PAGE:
The legendary Steve Jobs once said, “Simple can be harder than complex: You have to work hard to get your thinking clean to make it simple. But it’s worth it in the end because once you get there, you can move mountains.”
When you read a blog, a business letter, an email or a web page, do you wish for more text? Only rarely. Yet we mistakenly think people reading our marketing communications will make time to trudge through our complicated thought process and figure out how it applies to them.
Ever given extra credit in school for writing less than the minimum? School taught us to write in a formal, flabby academic style that makes sense in research journals, but not if you want to make your point quickly, which is crucial in marketing.
Strong writing looks deceptively simple, but takes more time. The philosopher Blaise Pascal excused a long letter by saying he didn’t have time to write a short one. Whether you’re evaluating someone else’s writing or your own, less is more.
Three Writing Secrets To Say More with Less
- Rewrite. When you read a story in the New York Times or the New York Post, you’re not seeing a first draft. Journalists rewrite their work and editors revise until it’s lean and muscular. Slash unnecessary words, especially adjectives and adverbs, and find ways to be concise. In his book On Writing, horror maven Stephen King recommends that your second draft be your first draft minus ten percent. Imagine The Stand 10 percent longer. Now that’s scary.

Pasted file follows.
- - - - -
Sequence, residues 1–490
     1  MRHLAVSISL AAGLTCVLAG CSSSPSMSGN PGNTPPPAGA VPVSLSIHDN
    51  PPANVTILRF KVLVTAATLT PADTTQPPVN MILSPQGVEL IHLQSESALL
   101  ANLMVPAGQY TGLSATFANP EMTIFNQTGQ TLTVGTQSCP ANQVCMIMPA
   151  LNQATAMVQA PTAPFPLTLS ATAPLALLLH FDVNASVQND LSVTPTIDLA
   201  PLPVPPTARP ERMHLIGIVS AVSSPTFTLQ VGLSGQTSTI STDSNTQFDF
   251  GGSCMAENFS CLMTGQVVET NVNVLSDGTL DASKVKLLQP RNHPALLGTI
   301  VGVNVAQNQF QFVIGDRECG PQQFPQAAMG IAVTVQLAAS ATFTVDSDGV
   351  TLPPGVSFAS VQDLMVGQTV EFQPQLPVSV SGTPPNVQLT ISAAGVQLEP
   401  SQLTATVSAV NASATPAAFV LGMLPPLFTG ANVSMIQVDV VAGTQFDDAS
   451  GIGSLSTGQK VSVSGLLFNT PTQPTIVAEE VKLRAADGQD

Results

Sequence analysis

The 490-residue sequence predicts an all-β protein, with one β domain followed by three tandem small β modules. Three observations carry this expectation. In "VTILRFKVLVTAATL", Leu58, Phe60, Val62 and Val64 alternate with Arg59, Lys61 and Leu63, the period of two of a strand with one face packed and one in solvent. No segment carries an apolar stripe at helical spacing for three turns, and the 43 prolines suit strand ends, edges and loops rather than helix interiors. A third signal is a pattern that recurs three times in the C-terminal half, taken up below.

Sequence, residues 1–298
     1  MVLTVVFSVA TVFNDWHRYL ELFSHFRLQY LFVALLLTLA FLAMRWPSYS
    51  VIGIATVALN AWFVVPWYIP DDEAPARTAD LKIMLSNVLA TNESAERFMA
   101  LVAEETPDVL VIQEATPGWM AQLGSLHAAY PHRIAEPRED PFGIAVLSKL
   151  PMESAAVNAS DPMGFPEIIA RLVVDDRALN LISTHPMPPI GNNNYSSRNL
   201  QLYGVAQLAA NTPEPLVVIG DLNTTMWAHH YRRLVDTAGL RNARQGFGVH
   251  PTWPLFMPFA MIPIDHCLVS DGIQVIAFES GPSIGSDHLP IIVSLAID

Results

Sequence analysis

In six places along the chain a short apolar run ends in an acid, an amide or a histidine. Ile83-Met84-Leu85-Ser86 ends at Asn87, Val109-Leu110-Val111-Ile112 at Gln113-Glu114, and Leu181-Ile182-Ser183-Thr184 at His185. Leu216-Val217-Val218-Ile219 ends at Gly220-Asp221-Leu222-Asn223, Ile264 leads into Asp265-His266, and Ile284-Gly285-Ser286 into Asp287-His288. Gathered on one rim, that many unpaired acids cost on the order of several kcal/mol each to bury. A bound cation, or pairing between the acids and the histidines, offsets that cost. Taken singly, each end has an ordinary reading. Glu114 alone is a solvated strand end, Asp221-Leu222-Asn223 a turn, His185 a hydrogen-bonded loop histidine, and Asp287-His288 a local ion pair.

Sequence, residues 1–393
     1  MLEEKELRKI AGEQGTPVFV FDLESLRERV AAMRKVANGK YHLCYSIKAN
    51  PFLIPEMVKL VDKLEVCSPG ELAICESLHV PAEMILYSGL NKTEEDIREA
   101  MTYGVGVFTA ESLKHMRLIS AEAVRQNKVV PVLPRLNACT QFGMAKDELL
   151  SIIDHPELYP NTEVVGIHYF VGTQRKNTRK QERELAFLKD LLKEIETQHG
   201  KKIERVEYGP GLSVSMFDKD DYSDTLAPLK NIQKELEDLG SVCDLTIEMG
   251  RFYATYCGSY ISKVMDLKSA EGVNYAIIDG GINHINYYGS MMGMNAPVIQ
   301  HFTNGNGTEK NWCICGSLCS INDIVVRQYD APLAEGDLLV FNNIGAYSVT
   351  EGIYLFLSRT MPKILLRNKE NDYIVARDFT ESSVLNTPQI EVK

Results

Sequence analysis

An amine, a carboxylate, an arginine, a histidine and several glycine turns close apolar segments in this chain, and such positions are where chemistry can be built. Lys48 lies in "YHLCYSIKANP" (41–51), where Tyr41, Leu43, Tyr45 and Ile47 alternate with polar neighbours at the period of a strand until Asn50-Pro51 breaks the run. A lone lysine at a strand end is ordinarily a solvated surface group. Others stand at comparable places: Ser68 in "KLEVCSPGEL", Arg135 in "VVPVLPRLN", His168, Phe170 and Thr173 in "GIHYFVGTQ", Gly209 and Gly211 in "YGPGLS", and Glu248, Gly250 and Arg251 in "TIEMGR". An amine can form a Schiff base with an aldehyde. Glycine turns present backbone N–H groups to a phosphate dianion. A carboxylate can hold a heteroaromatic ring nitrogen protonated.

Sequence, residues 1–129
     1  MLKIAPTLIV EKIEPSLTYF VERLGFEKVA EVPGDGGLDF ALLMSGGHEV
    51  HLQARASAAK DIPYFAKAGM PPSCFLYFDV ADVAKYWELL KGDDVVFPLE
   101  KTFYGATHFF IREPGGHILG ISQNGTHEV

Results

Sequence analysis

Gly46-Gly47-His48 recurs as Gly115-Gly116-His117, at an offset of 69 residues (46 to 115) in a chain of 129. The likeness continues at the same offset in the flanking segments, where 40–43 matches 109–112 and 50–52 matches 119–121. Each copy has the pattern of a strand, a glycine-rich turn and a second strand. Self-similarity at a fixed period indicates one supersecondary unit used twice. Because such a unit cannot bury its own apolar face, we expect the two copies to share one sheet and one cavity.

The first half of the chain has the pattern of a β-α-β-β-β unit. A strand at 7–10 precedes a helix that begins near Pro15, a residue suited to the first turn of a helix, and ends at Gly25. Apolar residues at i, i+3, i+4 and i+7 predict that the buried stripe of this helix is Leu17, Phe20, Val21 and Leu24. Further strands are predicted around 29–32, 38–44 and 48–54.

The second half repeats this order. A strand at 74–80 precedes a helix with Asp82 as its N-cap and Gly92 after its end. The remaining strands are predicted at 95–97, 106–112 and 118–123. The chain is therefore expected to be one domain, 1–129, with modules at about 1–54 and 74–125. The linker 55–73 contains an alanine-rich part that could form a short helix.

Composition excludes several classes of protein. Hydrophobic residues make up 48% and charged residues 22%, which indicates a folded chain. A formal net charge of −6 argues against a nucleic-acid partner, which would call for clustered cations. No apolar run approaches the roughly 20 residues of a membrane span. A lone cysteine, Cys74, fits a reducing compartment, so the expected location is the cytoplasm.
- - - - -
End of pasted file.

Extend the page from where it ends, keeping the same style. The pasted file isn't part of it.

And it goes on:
- Banish passive voice and use helping verbs rarely. Passive voice is when the subject of your sentence is at the end, not the beginning. Sentences starting with “There are” and “There is” are prime offenders. And helping verbs such “had” and “was” are not helping your copy. “Savings will be enjoyed with our new product!” You’d never write anything that lame, but note the two helping verbs that make it worse. “Our new product saves you money!” gets it done.
- Don’t abuse quotation marks. Your English teacher was right about punctuation. See The “Blog” of “Unnecessary” Quotation Marks for some hilarious examples. Unnecessary punctuation distracts and slows down your reader. Legitimate uses for the marks are to set off titles, to indicate irony or sarcasm, to introduce unfamiliar words, or to separate out quoted speech or text from your own work. Not for slang or idiomatic expressions. Not for emphasis. If you fear your reader won’t recognize the expression or if it’s a cliché, quotation marks won’t fix that. The reader will wonder if you’re using someone else’s words or being sarcastic. It weakens your message and throws it into doubt. The solution is to drop the quotes or say what you mean.
If you’re not afraid of simplicity, you might become a marketing genius. Steve Jobs, RIP.